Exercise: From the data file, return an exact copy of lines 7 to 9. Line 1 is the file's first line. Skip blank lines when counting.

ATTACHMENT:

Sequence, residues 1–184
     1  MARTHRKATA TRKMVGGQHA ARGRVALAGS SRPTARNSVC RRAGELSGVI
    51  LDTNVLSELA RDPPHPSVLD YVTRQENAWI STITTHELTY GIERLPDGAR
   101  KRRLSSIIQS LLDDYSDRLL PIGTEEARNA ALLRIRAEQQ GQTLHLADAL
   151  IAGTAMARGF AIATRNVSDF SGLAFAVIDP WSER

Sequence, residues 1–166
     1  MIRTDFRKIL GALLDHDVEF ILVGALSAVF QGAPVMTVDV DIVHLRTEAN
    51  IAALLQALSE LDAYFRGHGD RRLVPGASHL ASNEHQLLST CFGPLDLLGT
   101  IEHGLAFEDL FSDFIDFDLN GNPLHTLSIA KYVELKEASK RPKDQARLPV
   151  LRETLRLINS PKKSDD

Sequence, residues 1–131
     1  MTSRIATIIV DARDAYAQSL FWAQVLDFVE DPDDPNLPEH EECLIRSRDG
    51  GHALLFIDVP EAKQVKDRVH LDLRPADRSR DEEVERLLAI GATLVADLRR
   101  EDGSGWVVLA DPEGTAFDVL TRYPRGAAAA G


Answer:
     1  MIRTDFRKIL GALLDHDVEF ILVGALSAVF QGAPVMTVDV DIVHLRTEAN
    51  IAALLQALSE LDAYFRGHGD RRLVPGASHL ASNEHQLLST CFGPLDLLGT
   101  IEHGLAFEDL FSDFIDFDLN GNPLHTLSIA KYVELKEASK RPKDQARLPV